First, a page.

Semester in DC: Gabriella Passidomo at the U.S. Department of Energy
Gaby Passidomo is a third year law student from Naples, FL. She is a staff writer for the Law News and serves as the law school’s Key Staff representative with W&L’s Outing Club. Gaby spent the fall semester in DC interning with the U.S. Department of Energy. She is interested in energy law and policy and will be doing state utility regulation with Florida’s Public Service Commission after graduation. Gaby, right, is shown above with her sister Francesca outside the Lincoln Theatre in DC.
I love Lexington. There, I said it. I love the mountains that encompass it. I love its small-town feel, the close-knit community, how people greet one another as they pass on the sidewalk. Lexington is the perfect place to spend three years of law school, or as it turned out to be in my case, two and a half years. Last year, as a 2L contemplating my third-year plans, a bit of luck struck. I submitted an application with the general counsel at the U.S. Department of Energy, presumably for a summer position. When I received a call asking if I would be interested in a longer term position during the fall, I immediately said “Yes!” Then I realized, wait, I’m still in law school.
While W&L’s DC Externship Program was a key factor for some of my classmates choosing W&L when they were prospective students, the program had not necessarily been on my radar. Plus, I was not sure how I felt about leaving Lexington for a semester (see above, love Lexington, friendly people, etc.). However, after discussing with students from past years in the DC Externship Program, I was sold. I was still not sure what to expect, as each placement varies, but I was excited. I have been interested in practicing energy law for quite some time now, and I could think of few better places for practical experience than the U.S. Department of Energy (DOE).
I worked for the Office of the Assistant General Counsel for Electricity and Fossil Energy (GC-76) at DOE. Our office was small, fluctuating from three to six attorneys while I was there, but mighty. GC-76 is the lead departmental attorney for the Assistant Secretaries for Electricity Delivery and Energy Reliability, and Fossil Energy. While at first glance this may seem modest, it is anything but. The attorneys in GC-76 handle everything from electricity generation, transmission and distribution, the production, transmission, storage, importation and exportation of natural gas, oil production and storage, including the Strategic Petroleum Reserve, to energy reliability, grid emergency authority, and cyber security. Needless to say, GC-76 attorneys wear many different hats.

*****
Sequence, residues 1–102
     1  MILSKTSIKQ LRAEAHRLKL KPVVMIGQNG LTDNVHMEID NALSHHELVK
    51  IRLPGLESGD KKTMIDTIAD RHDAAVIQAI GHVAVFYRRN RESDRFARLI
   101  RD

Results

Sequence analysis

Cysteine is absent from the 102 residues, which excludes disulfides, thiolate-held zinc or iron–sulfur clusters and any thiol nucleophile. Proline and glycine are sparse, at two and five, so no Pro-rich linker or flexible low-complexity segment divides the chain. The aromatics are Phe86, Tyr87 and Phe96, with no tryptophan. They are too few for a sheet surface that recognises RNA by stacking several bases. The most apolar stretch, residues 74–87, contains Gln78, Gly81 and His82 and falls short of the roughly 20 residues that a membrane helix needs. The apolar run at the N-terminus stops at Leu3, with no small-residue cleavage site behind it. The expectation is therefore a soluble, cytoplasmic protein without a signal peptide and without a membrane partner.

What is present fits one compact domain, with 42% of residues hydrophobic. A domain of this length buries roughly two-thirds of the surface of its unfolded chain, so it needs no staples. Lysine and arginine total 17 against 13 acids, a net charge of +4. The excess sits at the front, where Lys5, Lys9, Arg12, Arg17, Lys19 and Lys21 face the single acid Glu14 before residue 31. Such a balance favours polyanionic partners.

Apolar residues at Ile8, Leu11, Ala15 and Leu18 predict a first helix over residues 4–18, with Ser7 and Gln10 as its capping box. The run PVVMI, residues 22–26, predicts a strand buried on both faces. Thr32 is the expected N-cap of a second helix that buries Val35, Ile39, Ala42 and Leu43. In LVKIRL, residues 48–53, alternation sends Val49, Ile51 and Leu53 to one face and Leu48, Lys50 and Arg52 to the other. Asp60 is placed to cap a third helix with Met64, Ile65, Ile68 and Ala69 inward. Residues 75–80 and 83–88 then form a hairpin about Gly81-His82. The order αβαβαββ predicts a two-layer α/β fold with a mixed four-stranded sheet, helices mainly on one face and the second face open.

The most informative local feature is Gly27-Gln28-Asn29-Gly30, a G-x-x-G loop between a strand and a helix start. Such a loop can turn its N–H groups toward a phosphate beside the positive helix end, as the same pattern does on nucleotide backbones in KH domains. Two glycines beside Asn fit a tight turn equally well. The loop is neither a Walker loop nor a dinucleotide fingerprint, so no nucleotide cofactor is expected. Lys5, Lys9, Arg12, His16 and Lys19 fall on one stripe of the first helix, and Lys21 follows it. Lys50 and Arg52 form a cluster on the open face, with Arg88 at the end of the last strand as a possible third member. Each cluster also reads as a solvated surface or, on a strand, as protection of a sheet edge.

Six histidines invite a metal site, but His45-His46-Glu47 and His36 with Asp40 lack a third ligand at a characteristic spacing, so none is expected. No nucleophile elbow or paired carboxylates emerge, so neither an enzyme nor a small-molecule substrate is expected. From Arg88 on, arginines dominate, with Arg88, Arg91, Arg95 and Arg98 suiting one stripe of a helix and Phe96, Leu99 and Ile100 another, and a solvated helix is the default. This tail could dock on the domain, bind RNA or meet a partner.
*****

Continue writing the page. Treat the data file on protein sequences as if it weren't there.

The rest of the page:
However, the flood of work that comes through GC-76’s doors presents an unparalleled opportunity for law student externs. The office truly valued my help and was sure I would never have a day sitting around twiddling my thumbs. By the end of my externship, I was drafting internal memos, reviewing import and export authorizations, and writing orders that will be published in the Federal Register.
W&L’s DC Externship Program uniquely places students for an entire semester in an opportunity that will provide real, substantive work. My experience in DC was not the prototypical “intern” experience where I got the boss coffee and made copies. No, I produced real work product that my mentor attorney reviewed and critiqued with me, and improved my legal research and writing skills. Without a doubt, my semester in DC was invaluable.
I am back in Lexington now, happy to be home with my friends and community, but, I’ll say it, I miss DC. I miss my colleagues, my work assignments, my metro “community,” the food options, even the city. W&L’s DC Externship Program enables students like myself not to have to make that fretful decision– urban or rural, academic or experiential. I got the best of both words, and will be a more effective lawyer because of it.